¿ Aeterna Laboratories Inc., of Montreal, said the Phase III trial of its antiangiogenic drug Noevastat/AE-941 in renal cell carcinoma is under way in the U.S., Canada and Europe. Patient recruitment is under way, and should be complete by summer 2001. Final results are expected about a year later.

¿ Ariad Pharmaceuticals Inc., of Cambridge, Mass., said results of in vivo studies on its small-molecule osteoporosis drug demonstrated inhibition of bone breakdown and stimulation of new bone formation. Clinical trials of Ariad's new osteoporosis product candidate are being planned for next year.

¿ Aronex Pharmaceuticals Inc., of The Woodlands, Texas, said researchers from the Intituto Nacional de Enfermedades Neoplasticas in Lima, Peru, found that Atragen used as a monotherapy as a treatment for patients with acute promyelocytic leukemia (APL) demonstrated potential to induce complete remission. Aronex submitted an amendment to its NDA for Atragen in July for the treatment of patients with APL for whom therapy with tretinoin is necessary, but for whom an intravenous administration is required.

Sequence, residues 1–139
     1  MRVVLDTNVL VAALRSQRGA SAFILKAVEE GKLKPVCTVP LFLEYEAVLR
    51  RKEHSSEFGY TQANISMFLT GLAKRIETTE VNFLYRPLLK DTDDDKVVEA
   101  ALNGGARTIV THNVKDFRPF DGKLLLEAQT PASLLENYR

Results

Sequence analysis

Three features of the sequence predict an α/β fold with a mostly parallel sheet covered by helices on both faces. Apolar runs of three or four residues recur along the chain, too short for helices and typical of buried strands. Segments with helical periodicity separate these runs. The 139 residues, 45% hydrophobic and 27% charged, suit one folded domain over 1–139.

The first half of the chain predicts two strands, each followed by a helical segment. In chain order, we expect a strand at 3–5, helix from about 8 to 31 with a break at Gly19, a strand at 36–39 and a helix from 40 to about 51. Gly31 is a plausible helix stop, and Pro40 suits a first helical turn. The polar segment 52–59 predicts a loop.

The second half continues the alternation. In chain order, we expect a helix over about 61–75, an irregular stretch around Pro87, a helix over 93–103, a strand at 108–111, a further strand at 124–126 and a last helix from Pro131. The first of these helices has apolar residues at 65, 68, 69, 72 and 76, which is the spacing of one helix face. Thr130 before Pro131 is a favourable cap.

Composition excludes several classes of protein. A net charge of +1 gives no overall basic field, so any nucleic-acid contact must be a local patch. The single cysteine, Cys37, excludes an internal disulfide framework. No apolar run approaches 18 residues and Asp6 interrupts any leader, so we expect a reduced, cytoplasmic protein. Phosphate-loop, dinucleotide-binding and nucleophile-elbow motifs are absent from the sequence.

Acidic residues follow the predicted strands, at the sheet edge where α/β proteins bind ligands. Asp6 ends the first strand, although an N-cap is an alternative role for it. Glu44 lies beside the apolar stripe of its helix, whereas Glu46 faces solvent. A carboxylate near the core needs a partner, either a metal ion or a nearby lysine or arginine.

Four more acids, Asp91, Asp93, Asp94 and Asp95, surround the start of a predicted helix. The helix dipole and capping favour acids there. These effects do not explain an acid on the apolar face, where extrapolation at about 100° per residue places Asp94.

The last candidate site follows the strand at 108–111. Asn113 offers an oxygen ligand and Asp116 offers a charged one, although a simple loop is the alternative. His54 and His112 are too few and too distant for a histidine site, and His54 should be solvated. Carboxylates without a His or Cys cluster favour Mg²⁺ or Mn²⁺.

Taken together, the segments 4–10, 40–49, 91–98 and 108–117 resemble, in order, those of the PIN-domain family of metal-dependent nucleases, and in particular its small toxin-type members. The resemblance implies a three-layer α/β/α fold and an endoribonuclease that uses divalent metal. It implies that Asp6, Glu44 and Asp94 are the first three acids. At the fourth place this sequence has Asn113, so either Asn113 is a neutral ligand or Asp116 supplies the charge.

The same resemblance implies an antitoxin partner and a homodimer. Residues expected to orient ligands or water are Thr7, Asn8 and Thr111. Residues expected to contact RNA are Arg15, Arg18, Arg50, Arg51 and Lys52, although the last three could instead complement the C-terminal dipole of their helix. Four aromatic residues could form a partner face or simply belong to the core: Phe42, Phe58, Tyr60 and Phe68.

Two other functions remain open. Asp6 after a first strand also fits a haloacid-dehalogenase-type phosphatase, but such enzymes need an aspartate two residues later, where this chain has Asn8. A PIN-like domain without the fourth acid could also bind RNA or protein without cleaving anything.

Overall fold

¿ Avant Immunotherapies Inc., of Needham, Mass., initiated a Phase IIb study of its cholera vaccine candidate, Peru-15, to evaluate safety, immunogenicity and the protective capacity of the vaccine against a challenge of live virulent cholera. Earlier Phase I/II studies of Peru-15 indicated that a single dose was safe, immunogenic and protective.

¿ BioChem Pharma Inc., of Laval, Quebec, officially opened its $25 million product development center in Northborough, Mass. The facility will serve as BioChem's therapeutic product development center. BioChem develops vaccines against diseases and it best known for discovering 3TC/Epivir, a treatment for HIV/AIDS.